The biggest question Gannon and his staff hear from tenants looking to rent ground is: “What is the production history of the farm?” or “What are the soil test results?” If the owner can’t answer these questions, operators are less likely to offer as high of cash rent to farm the ground.

Farmland owners control one of the world’s most valuable assets

When shopping for a car are you more likely to buy a vehicle that has a complete history report or one that would be bought sight unseen? Obviously, you would purchase and feel more comfortable with the car that has available records and information. Farm ground is the exact same situation; operators and buyers will be willing to make higher offers when more information is made available to them.

Not only does record keeping help boost your potential income, but there is also a satisfaction that comes from knowing your property is being cared for and maintained the right way. Farmland owners control one of the most valuable assets not only in the United States but in the world and it is their responsibility to treat it that way.

An online record keeping data base is helpful in several ways

“Farmland Stewardship Solutions has an online record keeping database that is made available to all of our clients,” says Gannon. “Landowners and farm operators are able to easily and efficiently access and review any important documents tied to the farm through this database.”

FSS produces an annual report which provides a comprehensive analysis of the property from an economic, agronomic and stewardship standpoint. This allows for clients to better understand the data and ultimately lead to better decision making.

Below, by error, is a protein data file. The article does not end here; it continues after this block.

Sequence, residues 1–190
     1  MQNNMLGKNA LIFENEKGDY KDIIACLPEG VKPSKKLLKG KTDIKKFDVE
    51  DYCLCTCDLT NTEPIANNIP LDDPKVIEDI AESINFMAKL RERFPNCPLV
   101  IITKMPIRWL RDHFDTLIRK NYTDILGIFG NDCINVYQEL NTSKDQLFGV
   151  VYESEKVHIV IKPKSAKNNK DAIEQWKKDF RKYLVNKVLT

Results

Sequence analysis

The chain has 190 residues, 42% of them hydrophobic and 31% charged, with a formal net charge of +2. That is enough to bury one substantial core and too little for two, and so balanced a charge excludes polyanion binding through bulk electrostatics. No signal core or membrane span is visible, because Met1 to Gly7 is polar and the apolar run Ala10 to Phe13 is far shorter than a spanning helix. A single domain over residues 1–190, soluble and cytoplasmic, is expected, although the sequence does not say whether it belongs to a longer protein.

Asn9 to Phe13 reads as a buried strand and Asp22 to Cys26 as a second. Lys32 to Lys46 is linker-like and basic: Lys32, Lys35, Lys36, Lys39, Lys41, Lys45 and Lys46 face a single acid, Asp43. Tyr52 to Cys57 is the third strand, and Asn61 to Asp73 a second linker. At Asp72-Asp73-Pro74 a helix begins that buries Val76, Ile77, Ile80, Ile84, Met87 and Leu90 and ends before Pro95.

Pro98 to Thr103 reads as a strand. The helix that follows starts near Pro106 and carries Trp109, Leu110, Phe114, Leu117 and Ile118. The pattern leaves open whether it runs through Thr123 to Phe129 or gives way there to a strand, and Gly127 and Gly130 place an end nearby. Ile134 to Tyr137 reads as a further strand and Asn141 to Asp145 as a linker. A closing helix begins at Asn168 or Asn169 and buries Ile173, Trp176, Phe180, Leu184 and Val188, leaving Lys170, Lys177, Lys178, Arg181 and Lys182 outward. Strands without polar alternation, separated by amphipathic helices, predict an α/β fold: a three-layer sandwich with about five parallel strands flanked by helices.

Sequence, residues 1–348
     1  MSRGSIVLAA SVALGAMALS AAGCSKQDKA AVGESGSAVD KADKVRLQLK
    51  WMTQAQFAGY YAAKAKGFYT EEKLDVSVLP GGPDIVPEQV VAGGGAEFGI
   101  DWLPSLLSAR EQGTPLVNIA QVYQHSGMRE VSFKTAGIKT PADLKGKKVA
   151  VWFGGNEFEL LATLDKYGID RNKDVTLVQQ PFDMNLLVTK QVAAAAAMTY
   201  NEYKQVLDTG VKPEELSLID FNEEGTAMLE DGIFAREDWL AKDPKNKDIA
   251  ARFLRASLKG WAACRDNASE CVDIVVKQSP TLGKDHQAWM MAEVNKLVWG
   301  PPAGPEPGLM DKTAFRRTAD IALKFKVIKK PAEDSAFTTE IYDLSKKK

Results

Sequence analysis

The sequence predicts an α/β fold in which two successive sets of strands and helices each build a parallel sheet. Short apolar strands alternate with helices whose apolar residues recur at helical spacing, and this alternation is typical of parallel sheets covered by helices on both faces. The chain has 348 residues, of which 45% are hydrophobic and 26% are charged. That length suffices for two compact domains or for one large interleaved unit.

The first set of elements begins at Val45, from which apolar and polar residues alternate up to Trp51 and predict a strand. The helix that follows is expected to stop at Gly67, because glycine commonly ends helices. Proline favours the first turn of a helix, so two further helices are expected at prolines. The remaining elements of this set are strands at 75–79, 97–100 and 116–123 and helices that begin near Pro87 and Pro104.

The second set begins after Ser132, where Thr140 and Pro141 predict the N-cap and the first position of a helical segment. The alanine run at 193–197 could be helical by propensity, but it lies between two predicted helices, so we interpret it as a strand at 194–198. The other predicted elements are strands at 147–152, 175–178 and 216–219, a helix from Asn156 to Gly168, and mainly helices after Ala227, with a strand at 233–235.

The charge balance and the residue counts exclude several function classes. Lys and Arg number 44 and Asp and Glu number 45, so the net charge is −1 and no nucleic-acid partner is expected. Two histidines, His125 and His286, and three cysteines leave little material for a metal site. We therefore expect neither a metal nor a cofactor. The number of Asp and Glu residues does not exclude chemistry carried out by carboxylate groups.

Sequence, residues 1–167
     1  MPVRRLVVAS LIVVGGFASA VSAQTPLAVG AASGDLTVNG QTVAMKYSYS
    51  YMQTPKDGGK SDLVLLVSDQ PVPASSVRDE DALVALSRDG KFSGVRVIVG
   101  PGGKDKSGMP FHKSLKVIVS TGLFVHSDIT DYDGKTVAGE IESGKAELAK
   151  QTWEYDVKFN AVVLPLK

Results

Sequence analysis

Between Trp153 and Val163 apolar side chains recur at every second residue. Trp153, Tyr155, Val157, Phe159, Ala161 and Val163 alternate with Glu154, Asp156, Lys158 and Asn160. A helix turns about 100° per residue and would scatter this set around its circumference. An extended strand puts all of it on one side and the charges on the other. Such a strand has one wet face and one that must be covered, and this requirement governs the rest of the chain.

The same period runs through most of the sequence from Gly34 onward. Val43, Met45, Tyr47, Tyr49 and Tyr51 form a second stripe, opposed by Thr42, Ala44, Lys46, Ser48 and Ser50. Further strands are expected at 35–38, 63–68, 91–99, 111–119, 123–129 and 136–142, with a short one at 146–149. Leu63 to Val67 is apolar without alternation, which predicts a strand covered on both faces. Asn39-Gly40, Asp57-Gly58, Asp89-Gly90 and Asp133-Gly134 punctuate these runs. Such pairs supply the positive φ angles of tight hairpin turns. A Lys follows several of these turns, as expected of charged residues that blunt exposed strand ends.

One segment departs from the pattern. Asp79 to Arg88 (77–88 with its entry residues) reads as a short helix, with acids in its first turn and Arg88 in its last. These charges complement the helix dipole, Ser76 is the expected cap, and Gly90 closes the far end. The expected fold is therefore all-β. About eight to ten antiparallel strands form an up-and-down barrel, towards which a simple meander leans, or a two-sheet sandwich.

“There are lots of great operators who will be more than happy to share the farm  information with you,” says Gannon. “At the end of the day the purpose of record keeping is to help strengthen the trust and relationship that the landowner and operator have already begun to develop over the years, as well as to provide the owner with a better understanding of his/her property.”

For more information visit www.farmlandstewards.com.

About the Author(s)

Rod Swoboda 1

Editor, Wallaces Farmer

Rod, who has been a member of the editorial staff of Wallaces Farmer magazine since 1976, was appointed editor of the magazine in April 2003. He is widely recognized around the state, especially for his articles on crop production and soil conservation topics, and has won several writing awards, in addition to honors from farm, commodity and conservation organizations.

"As only the tenth person to hold the position of Wallaces Farmer editor in the past 100 years, I take seriously my responsibility to provide readers with timely articles useful to them in their farming operations," Rod says.

Raised on a farm that is still owned and operated by his family, Rod enjoys writing and interviewing farmers and others involved in agriculture, as well as planning and editing the magazine. You can also find Rod at other Farm Progress Company activities where he has responsibilities associated with the magazine, including hosting the Farm Progress Show, Farm Progress Hay Expo and the Iowa Master Farmer program.

A University of Illinois grad with a Bachelors of Science degree in agriculture (ag journalism major), Rod joined Wallaces Farmer after working several years in Washington D.C. as a writer for Farm Business Incorporated.